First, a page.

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Toronto's Film Fest is always a festival of firsts — with more than half of its 248 features this year being world premieres — even for veterans like Frederick Wiseman.
Wiseman has been here six times since 2009 — last year with “National Gallery” and over the weekend with his North American premiere of “In Jackson Heights.” That’s standard doings for Cambridge’s prolific one-film-a-year documentarian. But Saturday night he leaped forms as audiences got an exclusive preview of the ballet inspired by his first film, “Titicut Follies.”
That’s right, a ballet based on a once-banned documentary that takes place inside the Bridgewater State Prison for the Criminally Insane.
Rain forced a last-minute relocation from an outdoor stage to a makeshift space inside the Metro Hall rotunda. Moments before they were set to begin, the dancers stretched in sweats and tank tops as people filtered through the building.
In the introduction, Wiseman said that the inmates’ movements made an impression while he filmed in 1966, but it took decades to yield a ballet — a form he’s studied in several other films. As a fellow at New York University’s Center for Ballet and the Arts, he watched work by contemporary ballet choreographers and contacted one, James Sewell with the idea of adapting “Follies.” Sewell’s Minneapolis-based company, along with musician/composer Lenny Pickett, have been working on it ever since.
Saturday night’s preview included five sequences that ran about 20 total minutes. The finished ballet will run an estimated 80 to 90 minutes and is slated to debut in October 2016 at the Skirball Center at NYU.
“I had absolutely no idea how to do this. I was terrified,” said Sewell, standing alongside Wiseman before the show. He said that’s exactly why he had to say yes. “We were not trying to recreate scenes from the film, we were inspired by their energy.”
The opening sequence introduced the troupe as characters, disturbed by a range of individual ticks and maladies, who falter when trying to coordinate their steps. Their “leader” (it was impossible not to think of him as the film’s talent show emcee) had a solo number of extremes. He lured the audience with gyrations, made gestures to call him (with his thumb and pinky as a phone), then retreated in anger or rushed center stage, all smiles.
Pickett’s music pulsed with a dark mix of horns and voices reminiscent of the film’s more vocal inmates, some of whom are articulate and others who loop gibberish. Between performances (the troupe cycled through the sequences twice) he talked about how he “stripped the sound from the film and listened to it separately and built the soundtrack on that.”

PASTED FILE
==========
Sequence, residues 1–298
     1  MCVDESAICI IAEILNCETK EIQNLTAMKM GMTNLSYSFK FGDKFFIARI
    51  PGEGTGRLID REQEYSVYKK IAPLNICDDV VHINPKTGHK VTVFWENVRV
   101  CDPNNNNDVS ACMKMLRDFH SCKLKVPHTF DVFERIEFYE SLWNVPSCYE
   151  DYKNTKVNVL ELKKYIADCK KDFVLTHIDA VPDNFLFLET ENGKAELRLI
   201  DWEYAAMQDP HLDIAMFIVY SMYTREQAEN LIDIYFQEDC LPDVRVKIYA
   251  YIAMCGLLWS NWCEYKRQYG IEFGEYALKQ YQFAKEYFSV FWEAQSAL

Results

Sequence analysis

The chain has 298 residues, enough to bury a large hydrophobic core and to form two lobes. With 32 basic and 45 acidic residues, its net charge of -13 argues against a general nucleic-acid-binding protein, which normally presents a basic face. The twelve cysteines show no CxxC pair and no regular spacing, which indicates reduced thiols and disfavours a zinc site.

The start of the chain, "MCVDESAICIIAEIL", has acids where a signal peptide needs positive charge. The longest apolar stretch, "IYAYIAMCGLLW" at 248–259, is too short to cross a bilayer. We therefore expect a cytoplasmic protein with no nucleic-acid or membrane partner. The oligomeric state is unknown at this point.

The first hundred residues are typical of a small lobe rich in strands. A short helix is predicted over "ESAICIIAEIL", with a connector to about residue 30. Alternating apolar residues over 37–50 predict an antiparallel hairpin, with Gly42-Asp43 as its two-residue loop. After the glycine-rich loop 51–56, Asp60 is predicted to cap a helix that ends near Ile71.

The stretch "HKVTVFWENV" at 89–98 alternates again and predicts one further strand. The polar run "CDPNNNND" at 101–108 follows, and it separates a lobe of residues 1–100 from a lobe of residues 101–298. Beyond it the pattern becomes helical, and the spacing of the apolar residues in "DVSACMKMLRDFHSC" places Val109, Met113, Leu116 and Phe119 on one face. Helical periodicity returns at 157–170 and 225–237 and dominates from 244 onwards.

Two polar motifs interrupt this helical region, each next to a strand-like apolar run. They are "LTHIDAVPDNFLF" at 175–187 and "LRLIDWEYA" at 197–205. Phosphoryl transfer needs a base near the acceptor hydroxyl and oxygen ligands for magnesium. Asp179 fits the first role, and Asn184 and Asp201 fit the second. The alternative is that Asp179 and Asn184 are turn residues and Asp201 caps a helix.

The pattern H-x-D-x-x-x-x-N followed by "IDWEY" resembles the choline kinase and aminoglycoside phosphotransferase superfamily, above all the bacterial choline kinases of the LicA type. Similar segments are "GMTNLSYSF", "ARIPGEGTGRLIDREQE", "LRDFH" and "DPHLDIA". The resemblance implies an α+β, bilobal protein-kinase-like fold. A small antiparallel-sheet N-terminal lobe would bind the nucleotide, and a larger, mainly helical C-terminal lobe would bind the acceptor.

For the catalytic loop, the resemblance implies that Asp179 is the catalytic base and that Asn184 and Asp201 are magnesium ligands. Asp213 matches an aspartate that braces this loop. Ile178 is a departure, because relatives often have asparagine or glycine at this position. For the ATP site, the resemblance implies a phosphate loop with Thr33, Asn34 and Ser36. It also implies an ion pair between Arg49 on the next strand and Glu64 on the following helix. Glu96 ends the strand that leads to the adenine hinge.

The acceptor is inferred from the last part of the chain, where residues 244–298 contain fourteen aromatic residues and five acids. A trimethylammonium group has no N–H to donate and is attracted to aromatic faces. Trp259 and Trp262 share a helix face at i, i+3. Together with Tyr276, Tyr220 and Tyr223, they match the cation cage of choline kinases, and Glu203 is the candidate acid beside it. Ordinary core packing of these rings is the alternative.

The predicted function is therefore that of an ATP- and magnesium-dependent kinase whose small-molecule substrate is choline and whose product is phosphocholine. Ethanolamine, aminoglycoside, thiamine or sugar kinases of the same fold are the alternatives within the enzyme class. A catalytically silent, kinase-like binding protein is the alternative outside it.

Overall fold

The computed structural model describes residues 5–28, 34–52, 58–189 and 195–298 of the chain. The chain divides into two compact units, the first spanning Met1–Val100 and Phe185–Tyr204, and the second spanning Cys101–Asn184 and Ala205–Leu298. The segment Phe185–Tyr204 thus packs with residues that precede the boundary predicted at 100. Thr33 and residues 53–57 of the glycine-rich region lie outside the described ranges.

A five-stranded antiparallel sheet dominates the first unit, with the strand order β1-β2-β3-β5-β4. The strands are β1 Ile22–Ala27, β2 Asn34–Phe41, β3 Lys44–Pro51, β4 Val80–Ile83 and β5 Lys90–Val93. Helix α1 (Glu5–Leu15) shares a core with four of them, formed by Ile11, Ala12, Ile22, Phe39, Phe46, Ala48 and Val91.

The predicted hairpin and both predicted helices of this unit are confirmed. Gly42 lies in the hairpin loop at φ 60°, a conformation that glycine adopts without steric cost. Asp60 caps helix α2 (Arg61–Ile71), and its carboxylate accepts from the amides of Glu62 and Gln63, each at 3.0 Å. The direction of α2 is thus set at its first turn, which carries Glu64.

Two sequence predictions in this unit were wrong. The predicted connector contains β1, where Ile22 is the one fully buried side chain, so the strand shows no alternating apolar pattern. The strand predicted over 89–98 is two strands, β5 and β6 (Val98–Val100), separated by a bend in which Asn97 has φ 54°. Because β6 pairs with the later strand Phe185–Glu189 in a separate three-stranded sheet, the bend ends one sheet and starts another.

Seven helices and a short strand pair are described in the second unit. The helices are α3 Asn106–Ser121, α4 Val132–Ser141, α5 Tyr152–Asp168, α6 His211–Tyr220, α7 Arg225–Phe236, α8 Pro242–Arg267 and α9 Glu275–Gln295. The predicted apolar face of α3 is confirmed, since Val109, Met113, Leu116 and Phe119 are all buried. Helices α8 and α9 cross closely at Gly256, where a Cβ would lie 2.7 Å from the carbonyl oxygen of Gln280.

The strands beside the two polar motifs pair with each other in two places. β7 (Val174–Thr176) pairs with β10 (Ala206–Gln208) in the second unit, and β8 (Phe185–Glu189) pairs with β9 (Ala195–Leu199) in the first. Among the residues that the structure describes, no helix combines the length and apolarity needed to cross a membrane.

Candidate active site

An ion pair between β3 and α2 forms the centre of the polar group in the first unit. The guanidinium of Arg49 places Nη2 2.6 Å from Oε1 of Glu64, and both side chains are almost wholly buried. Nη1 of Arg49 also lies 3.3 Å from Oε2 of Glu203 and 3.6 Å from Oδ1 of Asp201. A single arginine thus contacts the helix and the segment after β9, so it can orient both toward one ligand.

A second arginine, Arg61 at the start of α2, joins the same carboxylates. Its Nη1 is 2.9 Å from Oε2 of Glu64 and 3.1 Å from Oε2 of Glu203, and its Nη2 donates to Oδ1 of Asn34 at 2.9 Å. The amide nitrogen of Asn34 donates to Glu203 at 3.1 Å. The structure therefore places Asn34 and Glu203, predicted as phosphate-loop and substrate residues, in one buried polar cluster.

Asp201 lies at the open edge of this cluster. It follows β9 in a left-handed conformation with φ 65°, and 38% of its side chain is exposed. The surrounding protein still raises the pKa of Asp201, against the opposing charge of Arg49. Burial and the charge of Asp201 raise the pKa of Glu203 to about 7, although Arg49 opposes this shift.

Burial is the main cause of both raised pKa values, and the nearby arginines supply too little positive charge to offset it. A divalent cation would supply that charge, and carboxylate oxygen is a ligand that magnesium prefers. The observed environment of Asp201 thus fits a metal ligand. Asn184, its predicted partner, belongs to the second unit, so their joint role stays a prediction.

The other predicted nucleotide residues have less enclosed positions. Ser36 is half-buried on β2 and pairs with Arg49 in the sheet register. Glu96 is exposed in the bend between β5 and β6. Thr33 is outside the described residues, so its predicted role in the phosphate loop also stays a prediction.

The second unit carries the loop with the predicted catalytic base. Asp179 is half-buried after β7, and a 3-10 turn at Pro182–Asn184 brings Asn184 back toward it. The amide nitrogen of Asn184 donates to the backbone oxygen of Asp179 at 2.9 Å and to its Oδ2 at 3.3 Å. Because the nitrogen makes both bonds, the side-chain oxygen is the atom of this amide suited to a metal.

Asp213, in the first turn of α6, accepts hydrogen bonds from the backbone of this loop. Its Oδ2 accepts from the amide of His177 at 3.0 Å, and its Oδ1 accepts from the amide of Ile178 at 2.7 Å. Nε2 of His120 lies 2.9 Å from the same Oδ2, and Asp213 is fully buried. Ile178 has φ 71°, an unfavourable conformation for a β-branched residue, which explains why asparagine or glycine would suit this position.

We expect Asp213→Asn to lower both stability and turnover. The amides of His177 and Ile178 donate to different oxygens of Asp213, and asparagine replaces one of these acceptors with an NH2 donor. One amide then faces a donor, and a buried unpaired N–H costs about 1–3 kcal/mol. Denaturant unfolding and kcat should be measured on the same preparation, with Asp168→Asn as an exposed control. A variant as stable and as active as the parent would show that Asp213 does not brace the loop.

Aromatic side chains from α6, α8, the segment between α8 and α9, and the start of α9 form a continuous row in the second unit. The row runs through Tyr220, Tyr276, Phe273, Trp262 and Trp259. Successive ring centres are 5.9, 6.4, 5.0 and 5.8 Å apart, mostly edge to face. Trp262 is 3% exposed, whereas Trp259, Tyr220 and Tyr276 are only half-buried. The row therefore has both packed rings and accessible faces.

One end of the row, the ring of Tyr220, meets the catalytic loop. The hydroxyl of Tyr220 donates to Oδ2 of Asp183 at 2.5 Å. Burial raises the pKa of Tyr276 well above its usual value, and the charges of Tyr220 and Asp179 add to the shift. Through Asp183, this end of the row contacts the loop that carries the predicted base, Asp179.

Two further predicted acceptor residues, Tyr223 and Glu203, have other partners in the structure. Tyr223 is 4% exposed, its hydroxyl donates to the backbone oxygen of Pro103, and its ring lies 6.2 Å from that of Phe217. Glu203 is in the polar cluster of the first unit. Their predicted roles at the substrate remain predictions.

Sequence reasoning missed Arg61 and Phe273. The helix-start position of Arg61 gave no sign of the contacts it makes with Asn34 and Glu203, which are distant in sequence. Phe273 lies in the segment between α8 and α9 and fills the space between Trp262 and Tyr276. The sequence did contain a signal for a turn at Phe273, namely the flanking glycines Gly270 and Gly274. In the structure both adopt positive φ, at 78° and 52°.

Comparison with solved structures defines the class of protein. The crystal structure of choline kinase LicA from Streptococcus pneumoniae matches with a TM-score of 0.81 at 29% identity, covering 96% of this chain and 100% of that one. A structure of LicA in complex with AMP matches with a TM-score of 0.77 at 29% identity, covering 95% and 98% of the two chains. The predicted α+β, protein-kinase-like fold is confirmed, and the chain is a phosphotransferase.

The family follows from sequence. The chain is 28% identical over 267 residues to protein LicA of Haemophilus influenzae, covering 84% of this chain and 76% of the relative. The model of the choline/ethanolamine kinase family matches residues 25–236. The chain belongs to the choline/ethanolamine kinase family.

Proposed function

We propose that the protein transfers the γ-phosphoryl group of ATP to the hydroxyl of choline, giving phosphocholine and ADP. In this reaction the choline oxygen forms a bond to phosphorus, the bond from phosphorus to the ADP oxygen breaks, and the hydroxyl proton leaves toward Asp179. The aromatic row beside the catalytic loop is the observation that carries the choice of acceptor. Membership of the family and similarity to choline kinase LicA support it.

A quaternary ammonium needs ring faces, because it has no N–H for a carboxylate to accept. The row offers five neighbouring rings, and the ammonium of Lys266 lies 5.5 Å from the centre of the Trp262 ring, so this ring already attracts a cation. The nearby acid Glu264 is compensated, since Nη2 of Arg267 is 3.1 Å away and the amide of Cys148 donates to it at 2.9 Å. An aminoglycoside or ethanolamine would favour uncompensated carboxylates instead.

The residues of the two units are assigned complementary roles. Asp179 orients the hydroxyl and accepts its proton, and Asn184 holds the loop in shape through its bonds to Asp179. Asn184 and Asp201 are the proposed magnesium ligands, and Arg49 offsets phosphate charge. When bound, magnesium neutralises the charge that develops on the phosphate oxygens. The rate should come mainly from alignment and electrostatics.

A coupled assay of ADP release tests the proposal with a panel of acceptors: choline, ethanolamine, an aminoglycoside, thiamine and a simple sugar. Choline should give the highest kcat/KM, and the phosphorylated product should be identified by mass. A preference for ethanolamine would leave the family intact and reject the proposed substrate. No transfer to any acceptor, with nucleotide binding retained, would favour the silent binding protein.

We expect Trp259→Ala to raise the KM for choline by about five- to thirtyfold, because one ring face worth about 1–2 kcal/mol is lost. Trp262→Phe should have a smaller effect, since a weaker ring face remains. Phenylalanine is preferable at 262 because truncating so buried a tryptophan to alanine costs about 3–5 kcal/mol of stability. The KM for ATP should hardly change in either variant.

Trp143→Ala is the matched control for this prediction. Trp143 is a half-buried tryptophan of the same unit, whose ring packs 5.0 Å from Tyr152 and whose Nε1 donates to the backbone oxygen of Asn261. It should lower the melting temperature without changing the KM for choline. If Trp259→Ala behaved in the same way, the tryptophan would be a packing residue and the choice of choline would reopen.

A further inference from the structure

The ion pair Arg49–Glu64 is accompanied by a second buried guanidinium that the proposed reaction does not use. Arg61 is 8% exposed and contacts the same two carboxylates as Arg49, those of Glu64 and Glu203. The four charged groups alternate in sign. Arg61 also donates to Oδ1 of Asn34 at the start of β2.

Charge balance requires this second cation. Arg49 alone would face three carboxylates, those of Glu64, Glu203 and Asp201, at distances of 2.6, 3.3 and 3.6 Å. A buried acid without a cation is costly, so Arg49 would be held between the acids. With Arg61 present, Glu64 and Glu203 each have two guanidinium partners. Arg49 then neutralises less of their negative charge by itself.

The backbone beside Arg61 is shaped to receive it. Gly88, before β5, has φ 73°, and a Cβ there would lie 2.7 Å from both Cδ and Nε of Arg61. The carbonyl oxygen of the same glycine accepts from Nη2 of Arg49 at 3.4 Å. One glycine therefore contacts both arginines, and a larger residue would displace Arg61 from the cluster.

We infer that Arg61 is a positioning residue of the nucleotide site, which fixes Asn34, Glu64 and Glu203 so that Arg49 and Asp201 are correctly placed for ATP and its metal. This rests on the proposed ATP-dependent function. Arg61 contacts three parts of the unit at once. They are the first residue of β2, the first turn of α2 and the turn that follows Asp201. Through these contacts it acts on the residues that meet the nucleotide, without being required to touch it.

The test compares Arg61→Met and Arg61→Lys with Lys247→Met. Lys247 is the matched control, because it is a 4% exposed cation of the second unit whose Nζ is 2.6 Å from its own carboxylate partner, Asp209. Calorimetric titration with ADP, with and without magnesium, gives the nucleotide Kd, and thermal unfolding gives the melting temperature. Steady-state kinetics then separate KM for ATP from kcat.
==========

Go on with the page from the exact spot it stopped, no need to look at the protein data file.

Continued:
In one sequence four female guards, on pointe and wearing male masks, unrolled an inmate from a straight-jacket (or possibly funereal shroud) then taunted and smacked him for fun. At one point they piled on top of him and posed, much like the haunting photos of American guards at Guantanamo Bay. In the film, inmates are routinely and nonsensically made to strip, and in the ballet, the male dancer’s flesh-colored costume had sewn on genitalia.
The dance itself was technical, made more difficult by the masks and socks over the pointe shoes as well as a rhythm of “falling apart that wants to be on track,” said Deanna Gooding, a member of the company who grew up in Londonderry, New Hampshire. Performing the cruelty in that sequence was like “going back to grade school bullying,” she said.
The restored 35mm print of the film, which screened publicly for the first time earlier Saturday, remains indelible with its scenes of inmate humiliation and mistreatment. That’s why, Wiseman explained, “the same politicians who gave me permission to film it” took “Titicut Follies” out of public circulation for 23 years. (The final title card is a disclaimer from the Massachusetts Department of Corrections assuring that the situation at Bridgewater has since improved.)
Sewell, who has choreographed pieces on torture and other demanding subjects, said that the audience should want to turn away from parts of the ballet, as they turn away from the inmate’s force-feeding scene in the film, for example. He described his approach to choreography as literal compared to Wiseman, whose openness has pushed him to leave traditional ballet vocabulary “in the dust.”
All three creators said they saw the preview as a chance to see what works and what needs more fine-tuning over the next year.
Erin Trahan writes regularly about movies for The ARTery and is the editor of The Independent.
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